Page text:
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Indonesian General Denies Charges

April 11, 2000

DILI, East Timor (AP) _ The general who led the withdrawal of Indonesian forces from East Timor denied today that his troops were training militiamen to return to the former Indonesian territory.

``I would like to say categorically that the training of (militiamen) does not exist,″ Maj. Gen. Kiki Syahnakri said.

Indonesian troops and their militia auxiliaries in East Timor went on a bloody rampage following a U.N.-sponsored independence vote last August. The violence, in which most of the half-island province was devastated, ended after the arrival of international peacekeepers on Sept. 20.

Since then, there has been a spate of border incidents involving incursions by small gangs of heavily armed militiamen into East Timor. The United Nations, which is administering East Timor in its transition to independence, has repeatedly urged Indonesia to clamp down on the militias.

Syahnakri, who now commands a military district that includes the western half of Timor island, acknowledged the existence in West Timor of clandestine bands of pro-integration extremists. But he said the Indonesian government did not support the use of violence by these groups.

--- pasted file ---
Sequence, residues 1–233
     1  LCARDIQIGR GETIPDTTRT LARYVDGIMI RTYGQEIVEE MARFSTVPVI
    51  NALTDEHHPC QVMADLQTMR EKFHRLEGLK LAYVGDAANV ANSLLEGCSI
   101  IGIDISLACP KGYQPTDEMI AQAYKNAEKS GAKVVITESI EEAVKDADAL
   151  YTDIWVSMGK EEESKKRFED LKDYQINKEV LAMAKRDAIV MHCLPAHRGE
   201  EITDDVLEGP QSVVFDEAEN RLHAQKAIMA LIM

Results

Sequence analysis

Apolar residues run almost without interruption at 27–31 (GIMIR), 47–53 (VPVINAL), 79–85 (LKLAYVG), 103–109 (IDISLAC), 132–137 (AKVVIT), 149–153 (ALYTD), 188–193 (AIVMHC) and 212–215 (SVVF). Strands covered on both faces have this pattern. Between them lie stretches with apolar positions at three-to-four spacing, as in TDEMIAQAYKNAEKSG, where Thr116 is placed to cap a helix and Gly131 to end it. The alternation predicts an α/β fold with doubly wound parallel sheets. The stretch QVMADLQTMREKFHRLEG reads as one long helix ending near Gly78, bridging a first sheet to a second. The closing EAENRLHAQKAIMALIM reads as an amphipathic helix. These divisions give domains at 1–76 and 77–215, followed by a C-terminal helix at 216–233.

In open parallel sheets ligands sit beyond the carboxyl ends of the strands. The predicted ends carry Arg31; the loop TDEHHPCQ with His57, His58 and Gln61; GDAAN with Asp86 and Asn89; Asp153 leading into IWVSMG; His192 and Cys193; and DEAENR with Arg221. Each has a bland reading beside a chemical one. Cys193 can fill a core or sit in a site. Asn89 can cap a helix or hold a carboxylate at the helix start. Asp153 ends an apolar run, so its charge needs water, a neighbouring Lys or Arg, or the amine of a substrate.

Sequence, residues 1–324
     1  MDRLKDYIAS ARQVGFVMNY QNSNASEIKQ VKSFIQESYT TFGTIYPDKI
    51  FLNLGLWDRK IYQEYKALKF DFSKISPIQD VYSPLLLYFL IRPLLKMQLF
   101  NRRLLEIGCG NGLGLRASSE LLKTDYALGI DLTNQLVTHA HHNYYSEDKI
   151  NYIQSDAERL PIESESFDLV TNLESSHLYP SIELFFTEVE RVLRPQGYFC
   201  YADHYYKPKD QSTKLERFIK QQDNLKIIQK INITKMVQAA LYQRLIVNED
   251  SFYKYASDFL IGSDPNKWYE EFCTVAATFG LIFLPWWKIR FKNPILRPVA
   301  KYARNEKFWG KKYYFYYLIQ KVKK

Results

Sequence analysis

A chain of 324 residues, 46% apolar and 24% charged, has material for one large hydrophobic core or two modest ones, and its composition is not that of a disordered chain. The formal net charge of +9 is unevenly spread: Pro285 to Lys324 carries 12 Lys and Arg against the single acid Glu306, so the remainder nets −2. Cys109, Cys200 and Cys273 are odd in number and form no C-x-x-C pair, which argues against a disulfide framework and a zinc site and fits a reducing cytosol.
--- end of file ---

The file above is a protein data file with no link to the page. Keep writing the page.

He said he had proposed to open Atambua, the border town in West Timor where the training is allegedly taking place, to U.N. liaison officers. In his first trip back to East Timor, Syahnakri said he also had recommended the establishment of joint border posts and patrols to prevent further incursions.

U.N. negotiator Peter Galbraith said Syahnakri’s recommendations were not acceptable because ``the problem is not a problem with the Indonesian army, not a problem with the border, the problem is infiltration from inside West Timor to inside East Timor.″

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